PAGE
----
The perfect inspiration for anyone toying with the idea of learning how to make their own sushi, Sushi Taste and Technique is a comprehensive guide to the art form that is sushi-making. With sections detailing the history and origins of sushi as well as top tips on sushi eating etiquette and a glossary of common Japanese cooking terms, this is the only sushi cookbook you need. The illustrated recipes include techniques and advice for making scattered sushi, stuffed sushi, pressed sushi, rolled sushi and hand-formed sushi. And for the days when you just fancy dining out, it even includes a directory of recommended sushi restaurants in Australia, Canada, the UK and the USA.
The story of an American city girl turned Japanese farmer’s wife, Japanese Farm Food is a collection of the delicious, home-cooked dishes that Nancy Singleton Hachisu and her husband Tadaaki have spent the past quarter of a century mastering together. The pair live with their children in a farmhouse that has been in Tadaaki’s family for more than eighty years. They eat what they grow, buying accompanying meat and fish directly from the butcher and the local fish market. This simple style of sourcing ingredients leads to the creation of incredibly wholesome and humble dishes. A few of the beautiful recipes include bitter melon stir-fry with egg, broccoli with tofu, cauliflower with miso and sesame, deep-fried ginger chicken, and fermented soy beans.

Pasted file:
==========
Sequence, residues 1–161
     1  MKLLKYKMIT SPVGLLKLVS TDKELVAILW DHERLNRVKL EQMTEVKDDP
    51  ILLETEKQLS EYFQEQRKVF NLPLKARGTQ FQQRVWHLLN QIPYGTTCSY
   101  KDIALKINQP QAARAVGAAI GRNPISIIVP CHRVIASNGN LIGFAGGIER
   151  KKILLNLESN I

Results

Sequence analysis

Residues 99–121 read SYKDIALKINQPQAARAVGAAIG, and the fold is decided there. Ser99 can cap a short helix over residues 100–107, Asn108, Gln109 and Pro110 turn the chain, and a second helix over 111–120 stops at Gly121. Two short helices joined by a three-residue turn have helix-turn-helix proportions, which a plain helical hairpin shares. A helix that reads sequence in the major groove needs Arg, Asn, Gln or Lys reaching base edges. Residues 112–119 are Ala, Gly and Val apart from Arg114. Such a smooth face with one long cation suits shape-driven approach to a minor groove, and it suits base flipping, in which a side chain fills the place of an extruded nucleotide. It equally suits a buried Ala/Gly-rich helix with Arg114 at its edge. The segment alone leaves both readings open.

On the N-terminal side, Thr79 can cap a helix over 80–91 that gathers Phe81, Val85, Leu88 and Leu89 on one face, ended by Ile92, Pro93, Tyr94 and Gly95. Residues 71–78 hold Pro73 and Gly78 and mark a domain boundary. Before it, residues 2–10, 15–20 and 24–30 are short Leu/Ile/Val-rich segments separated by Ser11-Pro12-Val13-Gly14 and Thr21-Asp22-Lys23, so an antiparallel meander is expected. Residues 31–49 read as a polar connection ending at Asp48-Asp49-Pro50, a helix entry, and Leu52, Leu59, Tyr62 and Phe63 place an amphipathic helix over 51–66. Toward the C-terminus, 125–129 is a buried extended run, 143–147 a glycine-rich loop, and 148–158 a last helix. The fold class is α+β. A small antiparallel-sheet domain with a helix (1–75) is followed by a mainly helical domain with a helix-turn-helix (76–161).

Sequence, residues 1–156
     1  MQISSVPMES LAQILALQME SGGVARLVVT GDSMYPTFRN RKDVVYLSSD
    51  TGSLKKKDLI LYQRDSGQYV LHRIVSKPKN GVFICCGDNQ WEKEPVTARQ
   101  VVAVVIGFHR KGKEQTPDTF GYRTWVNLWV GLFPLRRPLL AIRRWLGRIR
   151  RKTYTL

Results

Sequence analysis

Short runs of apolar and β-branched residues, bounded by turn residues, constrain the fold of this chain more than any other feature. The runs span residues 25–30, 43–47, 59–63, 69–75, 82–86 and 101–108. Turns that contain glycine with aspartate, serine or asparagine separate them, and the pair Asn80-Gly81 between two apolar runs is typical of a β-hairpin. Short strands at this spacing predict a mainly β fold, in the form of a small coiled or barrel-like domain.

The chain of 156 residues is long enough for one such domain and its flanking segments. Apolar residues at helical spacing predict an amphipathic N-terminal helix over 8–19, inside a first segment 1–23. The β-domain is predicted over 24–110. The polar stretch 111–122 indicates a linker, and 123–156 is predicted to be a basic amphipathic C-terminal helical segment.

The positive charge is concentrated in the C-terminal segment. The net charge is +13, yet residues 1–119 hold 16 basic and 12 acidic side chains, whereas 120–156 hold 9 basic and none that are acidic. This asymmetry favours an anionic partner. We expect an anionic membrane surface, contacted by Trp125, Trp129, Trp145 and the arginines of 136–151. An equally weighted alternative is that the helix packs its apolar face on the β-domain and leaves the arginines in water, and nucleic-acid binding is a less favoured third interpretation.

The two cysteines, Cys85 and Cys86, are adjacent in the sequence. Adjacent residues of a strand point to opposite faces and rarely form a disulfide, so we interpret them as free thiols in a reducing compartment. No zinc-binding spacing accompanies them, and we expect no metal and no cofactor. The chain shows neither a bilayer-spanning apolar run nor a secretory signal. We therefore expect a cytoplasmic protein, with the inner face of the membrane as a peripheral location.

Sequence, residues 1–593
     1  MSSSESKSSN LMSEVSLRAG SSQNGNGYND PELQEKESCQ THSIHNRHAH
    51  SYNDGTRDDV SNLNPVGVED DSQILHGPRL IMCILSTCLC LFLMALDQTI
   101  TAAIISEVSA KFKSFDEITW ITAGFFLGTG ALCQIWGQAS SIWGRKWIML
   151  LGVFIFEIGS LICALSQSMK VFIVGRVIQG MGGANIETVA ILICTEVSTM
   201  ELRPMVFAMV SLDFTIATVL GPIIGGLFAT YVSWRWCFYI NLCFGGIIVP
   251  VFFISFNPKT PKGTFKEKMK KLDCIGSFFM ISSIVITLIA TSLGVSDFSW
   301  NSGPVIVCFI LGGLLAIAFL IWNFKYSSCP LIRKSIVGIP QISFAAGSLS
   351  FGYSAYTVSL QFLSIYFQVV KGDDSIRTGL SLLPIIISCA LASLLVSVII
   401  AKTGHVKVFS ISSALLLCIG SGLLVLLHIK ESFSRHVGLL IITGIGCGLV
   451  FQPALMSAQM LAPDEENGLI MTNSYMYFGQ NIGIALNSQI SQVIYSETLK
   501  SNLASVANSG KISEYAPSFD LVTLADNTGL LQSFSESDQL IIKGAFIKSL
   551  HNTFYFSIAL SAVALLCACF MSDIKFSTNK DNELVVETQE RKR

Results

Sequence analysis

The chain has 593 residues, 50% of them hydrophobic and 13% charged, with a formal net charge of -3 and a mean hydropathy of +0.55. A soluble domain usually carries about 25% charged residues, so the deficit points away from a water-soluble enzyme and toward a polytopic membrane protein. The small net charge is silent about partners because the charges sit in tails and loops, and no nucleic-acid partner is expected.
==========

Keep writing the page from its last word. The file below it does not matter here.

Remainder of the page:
Written by the top food blogger responsible for sites Just Hungry and Just Bento, The Just Bento Cookbook provides us with over a 150 recipes perfect for creating healthy, affordable and delicious lunches to enjoy on the go. A bento box is a traditional Japanese lunchbox comprising of a selection of different ingredients and mini dishes that provide all of the nutrients we need at our midday meal. In this book Itoh details a selection of her favorite traditional Japanese bento recipes such as tamagoyaki bento and salted salmon bento, as well as some less-traditional recipes including Indian tiffin-inspired bento, and deconstructed salad niçoise bento. As well as all of the beautifully photographed recipes, this staple lunchtime cookbook also includes tips for speedy bento making, advice on how to pack a bento box and even timelines to help make the morning bento making process as efficient as possible.
It takes some serious guts for a New Yorker to open up a ramen shop in Tokyo, but that’s exactly what Ivan Orkin, author of Ivan Ramen, did, and it fast became the most popular ramen shop in the city. Orkin found his love for Japanese cuisine whilst working as a dish-boy in a Japanese restaurant in Long Island. Little did he know back then that this would be the first step in his journey to becoming a celebrity chef on Japanese TV some years later. In Ivan Ramen he tells the story of his success in inspirational detail as well as sharing some of his most popular recipes, including the secrets to his signature dish, Shio Ramen.